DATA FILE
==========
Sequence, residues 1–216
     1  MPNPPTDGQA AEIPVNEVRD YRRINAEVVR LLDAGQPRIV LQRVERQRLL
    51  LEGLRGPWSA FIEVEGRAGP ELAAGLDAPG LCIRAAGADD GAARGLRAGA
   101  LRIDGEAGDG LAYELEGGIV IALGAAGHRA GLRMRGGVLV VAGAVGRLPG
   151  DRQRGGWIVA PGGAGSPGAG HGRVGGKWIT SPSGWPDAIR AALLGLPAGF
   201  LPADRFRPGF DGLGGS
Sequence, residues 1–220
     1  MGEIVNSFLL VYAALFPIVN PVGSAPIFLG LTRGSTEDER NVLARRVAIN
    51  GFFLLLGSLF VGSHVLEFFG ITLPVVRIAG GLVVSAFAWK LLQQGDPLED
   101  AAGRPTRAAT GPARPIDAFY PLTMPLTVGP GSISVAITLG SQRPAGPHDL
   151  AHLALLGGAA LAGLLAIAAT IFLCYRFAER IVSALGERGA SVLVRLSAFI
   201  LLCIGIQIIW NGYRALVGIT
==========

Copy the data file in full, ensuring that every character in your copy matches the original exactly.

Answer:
Sequence, residues 1–216
     1  MPNPPTDGQA AEIPVNEVRD YRRINAEVVR LLDAGQPRIV LQRVERQRLL
    51  LEGLRGPWSA FIEVEGRAGP ELAAGLDAPG LCIRAAGADD GAARGLRAGA
   101  LRIDGEAGDG LAYELEGGIV IALGAAGHRA GLRMRGGVLV VAGAVGRLPG
   151  DRQRGGWIVA PGGAGSPGAG HGRVGGKWIT SPSGWPDAIR AALLGLPAGF
   201  LPADRFRPGF DGLGGS
Sequence, residues 1–220
     1  MGEIVNSFLL VYAALFPIVN PVGSAPIFLG LTRGSTEDER NVLARRVAIN
    51  GFFLLLGSLF VGSHVLEFFG ITLPVVRIAG GLVVSAFAWK LLQQGDPLED
   101  AAGRPTRAAT GPARPIDAFY PLTMPLTVGP GSISVAITLG SQRPAGPHDL
   151  AHLALLGGAA LAGLLAIAAT IFLCYRFAER IVSALGERGA SVLVRLSAFI
   201  LLCIGIQIIW NGYRALVGIT